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William Rodner: Professor of History

History professor William S. RodnerFive years of work that included stops at the Library of Congress and Kings College London culminated in “An American Diplomat in Bolshevik Russia,” a 304-page recollection from diplomat DeWitt Clinton Poole. Tidewater Community College professor William Rodner and his wife, Lorraine Lees, a history professor at Old Dominion University, co-edited and annotated the oral history memoir centered on the political turmoil in Russia in the final  year of World War I.

Rodner will be part of a book signing featuring six of the college’s professors, each with new books, at the Barnes & Noble at TCC Bookstore on the Virginia Beach Campus. The event is Dec. 9 at 12:30 p.m.
Rodner has taught world history at TCC since 1988. Being named a Chancellor’s Commonwealth Professor for 2009-11 by the Virginia Community College System allowed Rodner both the time and monetary means to support his research for the book. Initially it was Lees who enlisted her husband’s help after doing fact-finding for her own book. That’s when she found Poole’s oral history dictated to a stenographer at Columbia University. All of it was on microfiche.
“He was an American diplomat left in Russia at the time the communists were taking over,” Rodner said. “He had some great stories about watching street fighting, getting to Moscow on the Trans-Siberian Railway, about escaping across the border and ending up at Archangel, which is the northern part of Russia. He was at the center of everything.”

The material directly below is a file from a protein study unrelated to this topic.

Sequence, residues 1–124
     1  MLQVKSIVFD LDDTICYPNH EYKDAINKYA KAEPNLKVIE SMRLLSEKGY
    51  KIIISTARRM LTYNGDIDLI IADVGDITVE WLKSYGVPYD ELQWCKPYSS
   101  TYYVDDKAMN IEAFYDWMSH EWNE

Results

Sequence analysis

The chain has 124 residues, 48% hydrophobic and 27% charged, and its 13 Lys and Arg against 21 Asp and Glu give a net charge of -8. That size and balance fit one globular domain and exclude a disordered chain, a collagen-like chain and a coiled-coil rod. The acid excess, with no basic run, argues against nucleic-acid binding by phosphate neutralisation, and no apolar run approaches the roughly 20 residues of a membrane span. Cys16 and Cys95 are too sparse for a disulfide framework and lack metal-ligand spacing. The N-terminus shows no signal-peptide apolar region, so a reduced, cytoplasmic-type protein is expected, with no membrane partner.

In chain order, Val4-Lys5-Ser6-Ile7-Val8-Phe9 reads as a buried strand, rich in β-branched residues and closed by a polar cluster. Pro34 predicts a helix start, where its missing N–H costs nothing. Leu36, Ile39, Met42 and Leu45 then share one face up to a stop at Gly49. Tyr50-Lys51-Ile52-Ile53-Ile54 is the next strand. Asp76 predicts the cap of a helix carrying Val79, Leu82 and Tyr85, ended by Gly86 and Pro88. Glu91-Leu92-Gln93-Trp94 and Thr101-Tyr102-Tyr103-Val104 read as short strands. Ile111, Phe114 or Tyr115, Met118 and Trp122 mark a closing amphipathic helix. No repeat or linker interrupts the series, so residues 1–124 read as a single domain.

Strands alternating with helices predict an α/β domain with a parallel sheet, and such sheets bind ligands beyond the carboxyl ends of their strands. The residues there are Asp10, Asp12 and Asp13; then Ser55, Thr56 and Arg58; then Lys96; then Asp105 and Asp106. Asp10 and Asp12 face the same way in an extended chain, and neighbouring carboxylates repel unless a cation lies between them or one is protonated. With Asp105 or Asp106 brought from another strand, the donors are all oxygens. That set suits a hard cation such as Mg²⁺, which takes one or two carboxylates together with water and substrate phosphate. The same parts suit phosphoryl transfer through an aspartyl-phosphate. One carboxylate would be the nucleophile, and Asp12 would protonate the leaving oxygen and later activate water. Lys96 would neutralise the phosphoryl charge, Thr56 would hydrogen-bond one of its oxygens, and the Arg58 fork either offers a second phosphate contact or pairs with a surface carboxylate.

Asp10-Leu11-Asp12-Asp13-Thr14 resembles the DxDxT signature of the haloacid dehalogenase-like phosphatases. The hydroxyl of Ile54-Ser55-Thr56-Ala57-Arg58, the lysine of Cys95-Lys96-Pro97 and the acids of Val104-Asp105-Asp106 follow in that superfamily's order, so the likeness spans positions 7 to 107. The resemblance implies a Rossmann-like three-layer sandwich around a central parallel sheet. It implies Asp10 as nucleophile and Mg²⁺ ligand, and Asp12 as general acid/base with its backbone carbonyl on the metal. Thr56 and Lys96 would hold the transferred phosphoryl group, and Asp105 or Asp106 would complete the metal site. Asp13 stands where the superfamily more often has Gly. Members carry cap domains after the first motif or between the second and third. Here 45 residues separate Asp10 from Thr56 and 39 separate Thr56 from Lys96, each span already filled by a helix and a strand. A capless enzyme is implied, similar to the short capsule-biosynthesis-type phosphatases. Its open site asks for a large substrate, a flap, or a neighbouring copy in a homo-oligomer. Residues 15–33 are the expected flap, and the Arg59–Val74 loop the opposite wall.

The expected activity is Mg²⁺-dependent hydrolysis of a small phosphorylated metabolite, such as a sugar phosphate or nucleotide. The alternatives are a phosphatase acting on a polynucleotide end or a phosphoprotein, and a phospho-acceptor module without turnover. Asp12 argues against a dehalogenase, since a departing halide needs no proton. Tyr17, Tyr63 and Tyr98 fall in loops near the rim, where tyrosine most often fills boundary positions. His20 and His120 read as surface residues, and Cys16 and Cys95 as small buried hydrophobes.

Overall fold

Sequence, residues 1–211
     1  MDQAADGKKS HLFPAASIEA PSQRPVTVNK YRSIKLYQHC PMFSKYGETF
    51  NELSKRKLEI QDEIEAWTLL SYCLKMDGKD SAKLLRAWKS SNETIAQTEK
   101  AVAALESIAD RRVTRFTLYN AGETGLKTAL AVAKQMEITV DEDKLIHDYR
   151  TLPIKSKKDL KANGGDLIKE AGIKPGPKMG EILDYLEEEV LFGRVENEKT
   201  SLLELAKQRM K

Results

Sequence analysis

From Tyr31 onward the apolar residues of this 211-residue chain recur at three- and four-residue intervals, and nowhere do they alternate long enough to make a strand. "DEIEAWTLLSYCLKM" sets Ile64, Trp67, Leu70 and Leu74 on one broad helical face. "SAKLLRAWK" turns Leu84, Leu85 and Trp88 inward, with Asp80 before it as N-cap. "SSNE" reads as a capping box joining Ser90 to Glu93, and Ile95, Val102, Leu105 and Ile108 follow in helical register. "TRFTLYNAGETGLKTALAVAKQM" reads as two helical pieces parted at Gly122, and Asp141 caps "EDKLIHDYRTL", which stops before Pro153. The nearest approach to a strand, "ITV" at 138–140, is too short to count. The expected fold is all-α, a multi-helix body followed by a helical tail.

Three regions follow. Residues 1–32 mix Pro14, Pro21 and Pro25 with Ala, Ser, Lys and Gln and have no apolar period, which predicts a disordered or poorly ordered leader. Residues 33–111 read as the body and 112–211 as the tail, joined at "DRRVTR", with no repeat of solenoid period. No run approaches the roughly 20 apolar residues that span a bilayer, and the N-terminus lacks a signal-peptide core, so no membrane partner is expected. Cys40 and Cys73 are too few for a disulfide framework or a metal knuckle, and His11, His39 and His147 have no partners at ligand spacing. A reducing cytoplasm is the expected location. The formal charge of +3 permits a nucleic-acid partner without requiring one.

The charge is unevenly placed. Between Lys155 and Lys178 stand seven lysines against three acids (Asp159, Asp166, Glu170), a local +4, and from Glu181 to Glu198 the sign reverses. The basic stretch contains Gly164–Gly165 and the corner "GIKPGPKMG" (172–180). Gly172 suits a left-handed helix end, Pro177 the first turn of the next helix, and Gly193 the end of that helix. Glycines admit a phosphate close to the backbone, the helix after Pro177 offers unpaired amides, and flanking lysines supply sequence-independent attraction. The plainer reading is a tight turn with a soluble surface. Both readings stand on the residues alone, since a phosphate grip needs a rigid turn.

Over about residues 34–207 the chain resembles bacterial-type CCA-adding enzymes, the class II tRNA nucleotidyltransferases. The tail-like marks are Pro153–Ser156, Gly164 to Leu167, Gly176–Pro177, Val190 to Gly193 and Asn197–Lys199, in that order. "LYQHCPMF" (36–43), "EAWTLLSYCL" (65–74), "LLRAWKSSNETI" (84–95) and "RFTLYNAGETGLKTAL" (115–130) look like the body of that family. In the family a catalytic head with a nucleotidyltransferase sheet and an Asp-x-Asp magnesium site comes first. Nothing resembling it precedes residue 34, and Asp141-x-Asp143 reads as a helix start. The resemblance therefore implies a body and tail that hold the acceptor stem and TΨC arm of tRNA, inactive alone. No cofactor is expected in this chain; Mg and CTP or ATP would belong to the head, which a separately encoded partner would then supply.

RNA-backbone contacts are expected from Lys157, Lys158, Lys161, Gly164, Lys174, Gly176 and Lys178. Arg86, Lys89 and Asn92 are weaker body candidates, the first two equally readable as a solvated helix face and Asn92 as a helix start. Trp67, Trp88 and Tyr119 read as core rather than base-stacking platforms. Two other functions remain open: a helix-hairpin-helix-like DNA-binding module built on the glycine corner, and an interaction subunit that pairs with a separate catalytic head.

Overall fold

Rodner and Lees’ research included additional stops at National Archives; the Wisconsin Historical Society, which houses Poole’s personal papers and correspondence; the Imperial War Museum Archives, the Liddell Hart Centre for Military Archives; King’s College London; the Brotherton Library Archives; and Leeds University, also in England.

Hands holding the book An American Diplomat in Bolshevik RussiaAlso the author of art history books on British painter J.M.W. Turner and Japanese artist Yoshio Markino, Rodner noted, “This was more work than my other books combined.”
While the central New Jersey native embraces all history for the lessons it teaches, he has particular affinity for World War I and took part in last month’s MacArthur Memorial’s World War I Centennial Symposium in Norfolk. Rodner traces many of the world’s most significant historical events to that war, including the rise of communism, the United States becoming a dominant world power, women receiving the right to vote in both the U.S. and Britain and even the formation of the modern state of Israel.

“So much of our history connects to World War I,” he said. “People are waking up to it, more so in Europe because it was such a big deal there.”
Previously, Rodner taught at Penn State University and Western Michigan University, but prefers TCC as, “Some of the best students I’ve had are TCC students. It’s a pleasure to teach them and work with them.”
Rodner holds a doctorate in history/art history and a master’s in British and Irish history, both from Penn State.